Leaving here we set off on a rough track to search the numerous lakes and reedbeds in the area. Along this route were many Black Larks and quite a few White-winged Larks, but once we reached a huge lake we were craning our necks in every direction as, once again, birds were literally everywhere and the species-mix kept changing all the time. This was obviously a good spot for northbound waders to drop into, for as well as hundreds of Ruff and lots of Black-tailed Godwits, we saw Pied Avocet, Black-winged Stilt, Dunlin, Little Ringed, Common Ringed and Kentish Plovers, Common Redshank, Bar-tailed Godwit, Marsh Sandpiper, Ruddy Turnstone, Temminck’s and Little Stints, 25+ Red-necked Phalaropes and Northern Lapwing. However, our principal quarry was Black-winged Pratincole and over 30 birds were present, some perched and others flying overhead. Meanwhile hundreds of White-winged Terns were flying all around us and calling constantly, but only a single Black Tern was seen, whilst Common Black-headed Gulls were dwarfed by numerous Steppe and several Pallas’s Gulls. There were also Dalmatian Pelicans and Demoiselle Cranes flying around, as well as hundreds and hundreds of Sykes’s Wagtails, whilst a surprise find here came in the form of an Eversmann’s Polecat that showed frequently in the grass nearby. The next lake held Great Crested and Black-necked Grebes and several small flocks of Red-crested Pochards, whilst further along at the next watercourse was a roost of 10+ Pallas’s Gulls, as well as Caspian Tern, whilst out on the open water a Red-breasted Merganser was new for our trip. A lake full of really ‘wild’ Mute Swans caused a brief stop before a close Steppe Eagle and a singing Booted Warbler were seen by the vehicle. A Citrine Wagtail and some Ferruginous Ducks followed next at a reed-fringed lake, before we saw 3 Red-necked Grebes and 5 White-headed Ducks that showed really well, including three handsome drakes. There was also several Booted Warblers present, as well as Common Whitethroat, Bluethroat, Siberian Stonechat and 2 Common Redstarts in the nearby bushes. Reluctantly leaving here we drove back to base, where on the small pool below the dining hall a Terek Sandpiper flew in to join 3 Wood Sandpipers and a Temminck’s Stint. After lunch there were 2 Terek Sandpipers present, as well as Citrine and Grey-headed Wagtails (thunbergi). Then we drove to some more lakes, the first of which gave us a pair of Slender-billed Gulls, 8 Greater Flamingo’s, 3 Terek Sandpipers and a pair of Common Cranes. However it was the sight of what we estimated to be nearly a thousand Red-necked Phalaropes spread out across the water that really stole the show. At the next pool we saw 6 Curlew Sandpipers and 20+ Wood Sandpipers amongst the usual Ruff, before visiting a vast reedbed and lake where there was a pair of Black-throated Divers, a drake White-headed Duck, Gull-billed Tern and an unusually showy Eurasian Bittern that gave a couple prolonged flight views. On our return to base we saw a pair of the very pale race of Merlins (pallidus) at a nest.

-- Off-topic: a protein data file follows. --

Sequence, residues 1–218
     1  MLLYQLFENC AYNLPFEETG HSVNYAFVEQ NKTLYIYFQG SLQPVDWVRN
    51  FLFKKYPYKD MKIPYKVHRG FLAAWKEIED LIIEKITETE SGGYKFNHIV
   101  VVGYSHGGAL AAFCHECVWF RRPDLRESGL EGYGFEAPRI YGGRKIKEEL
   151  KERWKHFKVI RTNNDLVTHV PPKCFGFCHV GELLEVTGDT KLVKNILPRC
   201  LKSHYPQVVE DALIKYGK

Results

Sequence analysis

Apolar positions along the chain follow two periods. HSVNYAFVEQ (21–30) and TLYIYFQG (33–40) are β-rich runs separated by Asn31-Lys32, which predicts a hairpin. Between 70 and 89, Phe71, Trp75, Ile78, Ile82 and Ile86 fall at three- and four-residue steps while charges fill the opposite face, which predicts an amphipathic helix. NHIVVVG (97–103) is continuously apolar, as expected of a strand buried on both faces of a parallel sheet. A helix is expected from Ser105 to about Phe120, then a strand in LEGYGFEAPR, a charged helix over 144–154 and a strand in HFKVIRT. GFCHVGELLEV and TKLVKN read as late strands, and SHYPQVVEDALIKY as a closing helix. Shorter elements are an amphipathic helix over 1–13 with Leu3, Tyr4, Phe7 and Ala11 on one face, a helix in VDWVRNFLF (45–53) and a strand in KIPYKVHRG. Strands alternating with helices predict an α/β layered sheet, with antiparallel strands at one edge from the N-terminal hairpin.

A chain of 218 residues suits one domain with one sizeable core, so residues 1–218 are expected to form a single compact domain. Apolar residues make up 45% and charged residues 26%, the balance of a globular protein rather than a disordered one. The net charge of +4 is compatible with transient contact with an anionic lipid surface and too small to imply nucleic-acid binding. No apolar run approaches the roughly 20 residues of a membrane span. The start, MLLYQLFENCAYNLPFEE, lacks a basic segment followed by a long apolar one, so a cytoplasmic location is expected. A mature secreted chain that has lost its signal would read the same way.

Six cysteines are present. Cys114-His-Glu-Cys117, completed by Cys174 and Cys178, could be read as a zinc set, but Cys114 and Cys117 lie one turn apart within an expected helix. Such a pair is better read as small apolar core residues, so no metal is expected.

Day 12 Tuesday 17th May